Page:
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US Judge prevents TikTok ban, demands a defence of decisions from US

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US Judge prevents TikTok ban, demands a defence of decisions from US

The Commerce Department of the United States issued an executive order to Apple and Google to ban WeChat and TikTok from their app stores, but now US District Judge Carl Nichols prevents the decision.

According to the judge the government ”must file a response to a request by TikTok for a preliminary injunction or delay the order by 2:30 pm EDT Friday.”

Read Also: Chinese app rejects Microsoft as Oracle ‘wins bid to buy TikTok’s US operation’

The same issues is occurring in California, with a federal judge issuing a preliminary injunction blocking the ban of WeChat – another platform, owned by a Chinese conglomerate Tencent. According to TikTok, the restrictions “are not motivated by a genuine national security concern” but are rather being used as a bargaining chip in the upcoming general elections.

Last Saturday several sort of delay to the ban came up after “positive developments” – Walmart and Oracle reportedly will join hands in purchasing a minor stake in TikTok Global – a new subsidiary by ByteDance that is supposedly going to make TikTok a platform for influencers and brands to promote products while doing their silly dances.

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Twitter will be bringing its ‘read before you retweet’ pop up to all users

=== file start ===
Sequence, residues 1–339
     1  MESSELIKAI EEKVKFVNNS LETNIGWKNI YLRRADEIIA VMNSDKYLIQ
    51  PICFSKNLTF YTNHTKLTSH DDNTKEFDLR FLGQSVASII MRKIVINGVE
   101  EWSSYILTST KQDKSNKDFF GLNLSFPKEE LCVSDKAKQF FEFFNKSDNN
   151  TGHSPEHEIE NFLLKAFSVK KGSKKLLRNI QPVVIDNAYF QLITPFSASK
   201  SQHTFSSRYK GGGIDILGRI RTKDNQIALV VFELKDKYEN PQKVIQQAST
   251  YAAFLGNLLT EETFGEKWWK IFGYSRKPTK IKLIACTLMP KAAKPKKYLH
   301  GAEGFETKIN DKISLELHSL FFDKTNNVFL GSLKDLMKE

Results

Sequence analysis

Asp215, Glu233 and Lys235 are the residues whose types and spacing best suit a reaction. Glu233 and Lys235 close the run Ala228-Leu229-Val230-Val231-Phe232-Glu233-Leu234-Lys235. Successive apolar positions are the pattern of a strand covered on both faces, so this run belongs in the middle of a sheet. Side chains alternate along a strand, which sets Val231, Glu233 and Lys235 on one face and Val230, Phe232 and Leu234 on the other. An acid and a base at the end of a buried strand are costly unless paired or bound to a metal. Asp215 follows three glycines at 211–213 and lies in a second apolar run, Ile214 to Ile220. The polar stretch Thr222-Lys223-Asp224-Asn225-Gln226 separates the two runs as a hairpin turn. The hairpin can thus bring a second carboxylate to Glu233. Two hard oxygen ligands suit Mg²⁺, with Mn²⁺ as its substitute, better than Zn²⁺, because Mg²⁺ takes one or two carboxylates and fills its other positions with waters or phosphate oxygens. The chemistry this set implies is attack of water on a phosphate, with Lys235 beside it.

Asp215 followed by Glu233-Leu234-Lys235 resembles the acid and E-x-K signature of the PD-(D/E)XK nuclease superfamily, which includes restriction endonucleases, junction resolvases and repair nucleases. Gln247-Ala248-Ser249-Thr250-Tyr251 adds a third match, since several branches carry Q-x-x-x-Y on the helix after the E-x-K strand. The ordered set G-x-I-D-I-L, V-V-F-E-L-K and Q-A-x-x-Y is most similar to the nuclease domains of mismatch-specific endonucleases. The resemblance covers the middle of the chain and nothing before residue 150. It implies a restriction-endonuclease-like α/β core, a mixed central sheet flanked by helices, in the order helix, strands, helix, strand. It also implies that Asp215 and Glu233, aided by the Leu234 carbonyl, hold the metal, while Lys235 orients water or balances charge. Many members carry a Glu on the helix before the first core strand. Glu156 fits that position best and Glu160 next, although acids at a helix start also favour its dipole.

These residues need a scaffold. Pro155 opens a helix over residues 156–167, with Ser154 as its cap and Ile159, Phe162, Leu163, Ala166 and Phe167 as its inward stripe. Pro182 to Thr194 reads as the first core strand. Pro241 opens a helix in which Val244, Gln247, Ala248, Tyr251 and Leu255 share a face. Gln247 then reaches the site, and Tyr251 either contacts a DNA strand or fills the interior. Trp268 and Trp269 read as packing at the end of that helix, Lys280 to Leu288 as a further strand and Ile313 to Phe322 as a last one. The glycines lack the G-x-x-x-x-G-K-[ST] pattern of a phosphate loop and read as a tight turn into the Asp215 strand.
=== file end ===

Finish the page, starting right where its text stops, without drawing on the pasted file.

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Twitter will be bringing its ‘read before you retweet’ pop up to all users

Twitter has announced it will be bringing it’s “read the article before you retweet it” prompt to all users “soon.” The company began testing the prompt in June, which shows up when people go to retweet a story they haven’t clicked through to actually read.

According to twitter the idea is to “help promote informed discussion.” Headlines often don’t tell the whole story and can even be actively misleading. Encouraging people to at least read the article they’re sharing seems like a smart way to promote media literacy and stop some of the knee-jerk reactions that can make misinformation viral.

The company shared a few results from its initial test of the feature, which was limited to Twitter users on Android. It says people shown the prompt opened articles 40 percent more often and that the overall proportion of people opening articles before retweeting increased by 33 percent. The company also said that “some people” (a statistically meaningless phrase!) didn’t retweet the article after opening it up.

Read Also: Why Is WordPress The Best CMS Platform?

It added that it is “working on bringing these prompts to everyone globally soon” and that in the future, the prompt will be smaller once it’s been shown to users once (“because we get that you get it”). The new features isn’t only feature Twitter’s been testing to improve life on its platform. Others include a feature that warns users before they send offensive replies and the option to limit who replies to tweets (which has now been rolled out globally).

We hope the experimentation is just a warm-up for the next logical step: a warning showed to all users before they tweet anything at all.